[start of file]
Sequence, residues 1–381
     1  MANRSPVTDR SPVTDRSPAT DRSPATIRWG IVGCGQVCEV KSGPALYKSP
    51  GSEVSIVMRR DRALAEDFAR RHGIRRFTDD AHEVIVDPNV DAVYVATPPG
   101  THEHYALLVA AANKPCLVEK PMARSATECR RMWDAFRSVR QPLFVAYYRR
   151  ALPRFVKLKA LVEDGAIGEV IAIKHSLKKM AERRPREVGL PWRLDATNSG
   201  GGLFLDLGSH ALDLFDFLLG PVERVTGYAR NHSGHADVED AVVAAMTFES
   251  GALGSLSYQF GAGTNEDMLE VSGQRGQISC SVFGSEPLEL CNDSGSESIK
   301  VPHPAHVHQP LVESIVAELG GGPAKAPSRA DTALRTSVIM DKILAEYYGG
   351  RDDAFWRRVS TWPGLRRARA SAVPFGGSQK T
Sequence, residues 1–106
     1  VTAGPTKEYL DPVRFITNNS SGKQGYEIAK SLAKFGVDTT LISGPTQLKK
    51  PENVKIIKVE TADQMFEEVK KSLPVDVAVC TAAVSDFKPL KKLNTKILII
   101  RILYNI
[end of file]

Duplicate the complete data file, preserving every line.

Sequence, residues 1–381
     1  MANRSPVTDR SPVTDRSPAT DRSPATIRWG IVGCGQVCEV KSGPALYKSP
    51  GSEVSIVMRR DRALAEDFAR RHGIRRFTDD AHEVIVDPNV DAVYVATPPG
   101  THEHYALLVA AANKPCLVEK PMARSATECR RMWDAFRSVR QPLFVAYYRR
   151  ALPRFVKLKA LVEDGAIGEV IAIKHSLKKM AERRPREVGL PWRLDATNSG
   201  GGLFLDLGSH ALDLFDFLLG PVERVTGYAR NHSGHADVED AVVAAMTFES
   251  GALGSLSYQF GAGTNEDMLE VSGQRGQISC SVFGSEPLEL CNDSGSESIK
   301  VPHPAHVHQP LVESIVAELG GGPAKAPSRA DTALRTSVIM DKILAEYYGG
   351  RDDAFWRRVS TWPGLRRARA SAVPFGGSQK T
Sequence, residues 1–106
     1  VTAGPTKEYL DPVRFITNNS SGKQGYEIAK SLAKFGVDTT LISGPTQLKK
    51  PENVKIIKVE TADQMFEEVK KSLPVDVAVC TAAVSDFKPL KKLNTKILII
   101  RILYNI